Maasai warriors wearing red and women wearing beads have come to be seen as symbols of “traditional” Africa. These colourful glass beads and red blankets play an important role in Maasai culture.
For thousands of European tourists who travel to East Africa, a visit would be incomplete without buying beads and blankets. What few know is the intricate cultural interconnection between Africa and Europe that resulted in these “traditions”.
Glass beads first arrived in Africa from the first millennium AD through the trans-Saharan and coastal trade. Because they were produced in India they were very expensive and only used by royalty.
From 1480 onwards, the mass export of beads from Europe to East Africa started from Venice and Murano in Italy, Bohemia and the Netherlands. By the late 19th century huge quantities of beads were being used as trade goods.
Although beads were readily available, the Maasai did not develop an interest in them for quite some time. The Iltalala age-set, who were warriors from 1881 until 1905, were the first to use larger numbers of beads to decorate themselves. An age-set is an institutionalised stage in life which is shared by people that are in the same age-category. Maasai age-sets are determined by the circumcision-ceremonies of boys, which initiate them into warriorhood. The time of circumcision defines who belongs to a certain age-set.
The age-sets have names and their members used to paint their bodies and shields to distinguish themselves. When the colonialists prohibited warriors from wearing their weapons in public, the Maasai instead began to wear beaded ornaments which made a public statement about the wearer.
The Iltalala age-set, who were warriors from 1881 until 1905, were the first to use larger numbers of beads to decorate themselves.
Beadwork fashions come and go
Beadwork can tell you several things about the wearer. Specific ornaments and colours indicate whether the person is Maasai or from another ethnic group. Different Maasai clans also use certain beads and colour combinations to indicate their affiliation. Finally, a person’s beadwork reflects his or her position in life. The belt of a young woman is different from the belt of a young man, and an unmarried girl’s earrings are different from those of a married woman.
Within those cultural rules, beadwork fashion changes all the time. Each new generation develops a particular style, including certain materials, colour placements and symbols that unite and identify them. In the spirit of creative competition, the girlfriends of a new age-set make new ornaments to ensure that their men outshine the previous age-set.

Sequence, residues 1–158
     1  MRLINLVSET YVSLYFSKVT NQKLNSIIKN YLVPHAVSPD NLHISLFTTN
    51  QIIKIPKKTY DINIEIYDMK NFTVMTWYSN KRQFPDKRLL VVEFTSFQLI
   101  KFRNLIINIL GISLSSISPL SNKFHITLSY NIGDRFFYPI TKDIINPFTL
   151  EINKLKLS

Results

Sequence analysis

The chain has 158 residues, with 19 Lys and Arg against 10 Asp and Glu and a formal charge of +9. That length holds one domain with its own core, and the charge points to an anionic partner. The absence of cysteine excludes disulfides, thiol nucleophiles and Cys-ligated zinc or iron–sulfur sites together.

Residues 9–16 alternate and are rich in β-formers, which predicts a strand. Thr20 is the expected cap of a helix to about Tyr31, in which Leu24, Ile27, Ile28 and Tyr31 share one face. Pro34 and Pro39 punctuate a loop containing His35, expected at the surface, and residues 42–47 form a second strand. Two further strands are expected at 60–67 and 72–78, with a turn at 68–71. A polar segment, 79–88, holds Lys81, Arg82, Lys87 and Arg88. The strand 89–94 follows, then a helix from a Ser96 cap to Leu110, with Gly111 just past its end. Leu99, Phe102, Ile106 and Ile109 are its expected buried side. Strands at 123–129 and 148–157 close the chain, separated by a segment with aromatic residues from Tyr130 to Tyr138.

Other changes in the fashion result from a shortage of beads of certain types or colours for trade reasons. A good example is the blocking of the Suez Canal during the third Arab Israeli war in 1967.
Rivalry between age-sets also sparks change. Competing age-sets have often chosen to incorporate symbols of adopted technology. For instance, the Iseuri age-set, which was circumcised in the 1950s and 1960s, chose the telegraph pole as their symbol, as a reference to the speed of communication between warriors and their girlfriends.
The next major age-set, the Ilkitoip, elaborated on this theme by adding a large button eye on top of the telegraph pole to symbolise the swirling blue light of a police car. Succeeding age-sets created ornaments with a helicopter rotor blade because helicopters are faster than police cars.
Tourists are often quite surprised and a little disappointed when they find out that Maasai beads are imported from Europe. They would like African beadwork to be “authentic”. And it’s true that some ornaments have more cultural meaning than others.
Some are adapted to tourists’ preferences. For instance Maasai women started to use colours and designs they would not normally use in their own beadwork, just because tourists liked them. And ornaments for tourists are often made of cheaper Chinese beads.
Some items have such symbolic significance that they cannot easily be sold. An example is the Elekitatiet belt, which a woman makes for her daughter-in-law when she has delivered her first baby.
Nowadays uncircumcised boys in the city wear beaded necklaces in Rastafari colours, and warriors buy beaded straps that give their watches a Maasai touch.
So Maasai beadwork continues to be the result of the interaction between European and African cultures, and there is nothing isolated or timeless about it. Rather than exotic, static and detached, it forms an ever changing, multi-cultural realm of exchange of materials and ideas between Africa and Europe.